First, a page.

January 5, 2020 / Dr. Paul Julius Möbius Moebius Syndrome Holiday Hero

Paul Julius Möbius (January 24, 1853 – January 8, 1907) was a German neurologist born in Leipzig.

Prior to entering the medical field in 1873, he studied philosophy and theology at the Universities of Leipzig, Jena and Marburg. After earning his medical doctorate in 1876, he enlisted in the army, attaining the rank of Oberstabsarzt (senior staff surgeon). After leaving the army, he returned to Leipzig, where he opened a private practice and worked as an assistant to neurologist Adolph Strümpell (1853-1925) at the university policlinic. In 1883 he obtained his habilitation for neurology.

He was a prolific writer and is well known for publications in the fields of neurophysiology and endocrinology. Among his writings in psychiatry were psychopathological studies of Goethe, Rousseau, Schopenhauer and Nietzsche.[2] He was also an editor of Schmidt’s Jahrbücher der in- und ausländischen gesammten Medizin.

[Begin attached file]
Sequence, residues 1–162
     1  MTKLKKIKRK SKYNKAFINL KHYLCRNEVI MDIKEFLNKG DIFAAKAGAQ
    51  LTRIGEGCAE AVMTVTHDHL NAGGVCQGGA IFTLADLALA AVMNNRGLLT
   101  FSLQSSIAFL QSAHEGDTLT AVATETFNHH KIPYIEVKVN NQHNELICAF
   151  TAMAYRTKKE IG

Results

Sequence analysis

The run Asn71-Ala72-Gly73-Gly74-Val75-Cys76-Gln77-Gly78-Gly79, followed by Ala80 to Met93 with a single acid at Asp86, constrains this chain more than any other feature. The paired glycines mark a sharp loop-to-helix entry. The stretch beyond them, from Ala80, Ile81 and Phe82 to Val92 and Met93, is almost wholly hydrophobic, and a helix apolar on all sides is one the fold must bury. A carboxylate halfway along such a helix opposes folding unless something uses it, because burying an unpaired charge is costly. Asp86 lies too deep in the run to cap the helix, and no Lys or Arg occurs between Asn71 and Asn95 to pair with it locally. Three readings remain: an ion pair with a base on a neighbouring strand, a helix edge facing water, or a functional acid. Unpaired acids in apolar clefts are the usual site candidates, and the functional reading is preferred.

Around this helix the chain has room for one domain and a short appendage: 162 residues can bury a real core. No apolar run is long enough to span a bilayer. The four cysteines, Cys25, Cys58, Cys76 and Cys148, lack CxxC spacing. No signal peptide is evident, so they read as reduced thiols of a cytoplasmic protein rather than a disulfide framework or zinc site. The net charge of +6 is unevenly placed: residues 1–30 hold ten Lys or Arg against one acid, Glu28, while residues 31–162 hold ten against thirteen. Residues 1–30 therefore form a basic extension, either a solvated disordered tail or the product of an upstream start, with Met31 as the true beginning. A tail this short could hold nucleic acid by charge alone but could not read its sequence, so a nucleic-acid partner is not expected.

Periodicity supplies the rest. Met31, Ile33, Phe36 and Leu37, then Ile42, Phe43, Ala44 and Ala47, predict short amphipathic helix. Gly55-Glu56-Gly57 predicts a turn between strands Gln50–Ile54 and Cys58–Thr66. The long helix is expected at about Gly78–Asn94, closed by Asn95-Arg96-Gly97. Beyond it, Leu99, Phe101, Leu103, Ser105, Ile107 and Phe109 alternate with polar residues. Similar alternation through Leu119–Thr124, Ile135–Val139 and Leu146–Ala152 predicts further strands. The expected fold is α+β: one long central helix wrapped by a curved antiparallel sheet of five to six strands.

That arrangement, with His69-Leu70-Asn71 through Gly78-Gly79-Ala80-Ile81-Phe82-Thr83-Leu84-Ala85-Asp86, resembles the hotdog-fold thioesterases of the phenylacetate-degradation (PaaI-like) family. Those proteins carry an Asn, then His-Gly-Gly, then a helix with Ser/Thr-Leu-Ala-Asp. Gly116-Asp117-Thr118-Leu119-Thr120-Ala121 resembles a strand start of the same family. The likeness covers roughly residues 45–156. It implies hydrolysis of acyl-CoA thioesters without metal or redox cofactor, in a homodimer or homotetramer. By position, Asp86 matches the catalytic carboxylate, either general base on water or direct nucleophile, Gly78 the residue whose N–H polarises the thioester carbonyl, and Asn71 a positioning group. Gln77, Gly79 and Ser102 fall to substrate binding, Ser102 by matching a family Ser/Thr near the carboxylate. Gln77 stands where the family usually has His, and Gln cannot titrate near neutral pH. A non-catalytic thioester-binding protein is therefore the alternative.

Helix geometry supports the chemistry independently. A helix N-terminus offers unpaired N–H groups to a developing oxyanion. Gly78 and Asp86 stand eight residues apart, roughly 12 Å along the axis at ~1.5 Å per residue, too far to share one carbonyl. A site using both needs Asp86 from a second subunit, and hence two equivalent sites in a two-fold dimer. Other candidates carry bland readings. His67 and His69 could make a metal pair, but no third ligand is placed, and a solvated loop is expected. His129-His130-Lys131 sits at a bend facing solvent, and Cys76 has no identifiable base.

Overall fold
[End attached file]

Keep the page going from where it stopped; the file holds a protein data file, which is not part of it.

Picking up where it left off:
Möbius made pioneer contributions towards the understanding of how some mental illnesses occur. He is credited for providing a distinction between exogenous and endogenous nerve disorders, and introduced ideas on the etiology of hysteria.

His name is associated with Möbius syndrome, a disease he identified as “nuclear atrophy”. This is a rare type of palsy associated with paralysis of the cranial nerves VI and VII. This results in the patient having a mask like facial expression along with many other abnormalities such as drooling, crossed eyes, speech difficulties and problems swallowing.

Information about Dr. Mobius was obtained using the Wikipedia.

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